How to apply show don't tell principle and adjust the pace of the story
| The reader of today, because he is so strongly conditioned by the movies and television, loses his interest in a novel or short story easily when the narrative drones on and on. To keep the interest of the reader, the writer needs to insert motion into his storytelling.
This means not just the characters but also the narrative need to move with action producing words and sentences, as the expository parts of the work create momentum and evade flatness and boredom. To start with, the show, don't tell principle has to be at work here, as trite as it may sound.
Then, since even the trite principles need an explanation, here are a few examples to showing instead of telling.
* She was bored -- is better shown as -- Yawning, she tapped her fingers on the desktop and looked away.
* She was shy -- is better shown as -- Blushing, she shrunk from being touched or looked at and said very few words with an almost inaudible voice.
* He knew she was nice to her children -- is better shown as -- He always caught sight of her as she pushed the baby in the stroller while trying to hang on to the toddler's hand. Her children, with robust faces, cooed and smiled at their mother.
* He imagines he is going to win the boxing match -- is better shown as -- He imagines himself grinning with delight and waving at the crowd amid a thunderous roar of cheers, as the referee holds his gloved hand high.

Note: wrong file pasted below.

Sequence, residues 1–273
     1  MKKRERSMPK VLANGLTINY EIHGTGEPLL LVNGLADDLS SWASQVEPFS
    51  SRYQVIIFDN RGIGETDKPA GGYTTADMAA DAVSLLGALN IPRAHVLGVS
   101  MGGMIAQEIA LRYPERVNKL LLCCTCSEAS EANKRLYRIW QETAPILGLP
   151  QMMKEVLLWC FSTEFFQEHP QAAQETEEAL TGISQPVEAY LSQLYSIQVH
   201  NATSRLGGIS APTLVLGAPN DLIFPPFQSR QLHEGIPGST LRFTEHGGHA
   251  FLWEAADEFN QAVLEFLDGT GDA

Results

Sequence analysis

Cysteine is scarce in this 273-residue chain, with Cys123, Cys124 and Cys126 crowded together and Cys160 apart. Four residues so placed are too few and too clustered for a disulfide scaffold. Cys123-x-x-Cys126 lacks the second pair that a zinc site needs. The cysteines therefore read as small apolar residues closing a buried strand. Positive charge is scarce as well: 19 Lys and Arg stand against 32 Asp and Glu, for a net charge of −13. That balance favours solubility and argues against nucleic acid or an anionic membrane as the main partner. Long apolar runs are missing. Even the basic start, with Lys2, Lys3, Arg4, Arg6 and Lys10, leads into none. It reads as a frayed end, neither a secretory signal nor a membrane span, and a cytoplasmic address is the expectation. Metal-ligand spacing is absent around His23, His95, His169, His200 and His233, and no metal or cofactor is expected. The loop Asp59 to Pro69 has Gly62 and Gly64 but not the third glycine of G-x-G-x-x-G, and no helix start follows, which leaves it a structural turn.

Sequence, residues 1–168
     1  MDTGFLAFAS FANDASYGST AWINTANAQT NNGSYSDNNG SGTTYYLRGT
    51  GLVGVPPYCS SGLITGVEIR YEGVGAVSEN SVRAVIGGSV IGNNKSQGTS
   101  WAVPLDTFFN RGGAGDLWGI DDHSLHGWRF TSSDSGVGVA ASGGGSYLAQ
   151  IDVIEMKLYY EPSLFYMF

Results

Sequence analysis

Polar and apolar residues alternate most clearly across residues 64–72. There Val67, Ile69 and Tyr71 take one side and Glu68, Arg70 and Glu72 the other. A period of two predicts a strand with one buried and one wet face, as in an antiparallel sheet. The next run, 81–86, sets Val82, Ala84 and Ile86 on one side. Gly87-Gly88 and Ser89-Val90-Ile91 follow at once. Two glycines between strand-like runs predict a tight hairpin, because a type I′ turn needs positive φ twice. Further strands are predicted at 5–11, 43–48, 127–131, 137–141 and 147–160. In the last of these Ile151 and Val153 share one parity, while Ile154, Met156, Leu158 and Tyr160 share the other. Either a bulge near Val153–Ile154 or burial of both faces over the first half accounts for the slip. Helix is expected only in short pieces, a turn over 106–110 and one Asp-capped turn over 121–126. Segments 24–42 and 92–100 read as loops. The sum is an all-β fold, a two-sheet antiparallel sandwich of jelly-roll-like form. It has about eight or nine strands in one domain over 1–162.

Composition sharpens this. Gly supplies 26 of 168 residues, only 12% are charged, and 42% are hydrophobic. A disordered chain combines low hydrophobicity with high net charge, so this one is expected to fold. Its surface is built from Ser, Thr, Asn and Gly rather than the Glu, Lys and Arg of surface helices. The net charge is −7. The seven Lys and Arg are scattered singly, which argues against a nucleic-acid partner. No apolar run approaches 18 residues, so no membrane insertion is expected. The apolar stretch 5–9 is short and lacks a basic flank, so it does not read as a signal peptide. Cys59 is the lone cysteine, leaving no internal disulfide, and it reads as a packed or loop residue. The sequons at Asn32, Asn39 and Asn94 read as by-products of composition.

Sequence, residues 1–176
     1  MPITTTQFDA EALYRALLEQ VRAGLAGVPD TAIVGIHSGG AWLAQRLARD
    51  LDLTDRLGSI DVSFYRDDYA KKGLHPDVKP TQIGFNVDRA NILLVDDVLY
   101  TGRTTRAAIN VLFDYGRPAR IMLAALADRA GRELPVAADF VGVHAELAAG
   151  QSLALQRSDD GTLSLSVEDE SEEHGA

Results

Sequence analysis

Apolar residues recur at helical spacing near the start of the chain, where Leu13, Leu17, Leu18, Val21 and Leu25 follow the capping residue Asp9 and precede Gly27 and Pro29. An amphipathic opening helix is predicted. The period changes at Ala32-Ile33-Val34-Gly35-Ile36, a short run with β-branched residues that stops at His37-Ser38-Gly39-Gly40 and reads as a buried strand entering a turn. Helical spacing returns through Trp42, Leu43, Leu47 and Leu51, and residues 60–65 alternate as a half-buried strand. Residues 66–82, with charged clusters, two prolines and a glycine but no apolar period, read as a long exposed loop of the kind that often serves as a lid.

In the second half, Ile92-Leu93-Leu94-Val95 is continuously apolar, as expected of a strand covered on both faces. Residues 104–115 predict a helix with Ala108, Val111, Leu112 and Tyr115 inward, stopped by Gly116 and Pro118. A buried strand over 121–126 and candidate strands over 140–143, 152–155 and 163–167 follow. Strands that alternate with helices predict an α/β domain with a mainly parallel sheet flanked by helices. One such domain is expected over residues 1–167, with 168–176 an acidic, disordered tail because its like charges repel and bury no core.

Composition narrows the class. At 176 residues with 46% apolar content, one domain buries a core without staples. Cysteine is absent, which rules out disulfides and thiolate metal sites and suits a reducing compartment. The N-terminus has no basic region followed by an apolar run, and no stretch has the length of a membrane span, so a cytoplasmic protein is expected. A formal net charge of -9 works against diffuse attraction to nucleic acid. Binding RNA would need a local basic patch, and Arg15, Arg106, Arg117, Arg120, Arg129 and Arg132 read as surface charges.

To a novice writer, the skill with Show, don't tell will come after a lot of practice. A practical exercise is to take an already written piece and circle all the sentences that can benefit from being shown and then re-writing the whole piece.
Another useful way for the writer to find out if he is telling instead of showing is to circle all the adjectives and adverbs in his story. Afterwards, he can try to replace what is in those circles with dynamic verbs and sensory phrases that draw vivid pictures.
To create motion, the pace of the scenes should be taken into consideration. Sometimes fluctuating the pace from one scene to another creates additional motion, variety, or interest, but the change of pace between the scenes must not disregard the overall pace of the work. The change from scene to scene must be eased in smoothly.
The genre of the story--usually--determines the right pace. A thriller, for example, will have faster scenes than a romance story. In addition, for faster scenes, the actions and the speech of the characters as well as the sentences need to be shorter in length to impart a feeling of vigor and immediacy.
Creating motion in a narrative will improve the effectiveness in the style of a writer; therefore, it is well worth the effort to practice, review, and re-write in order to carry one's craft forward.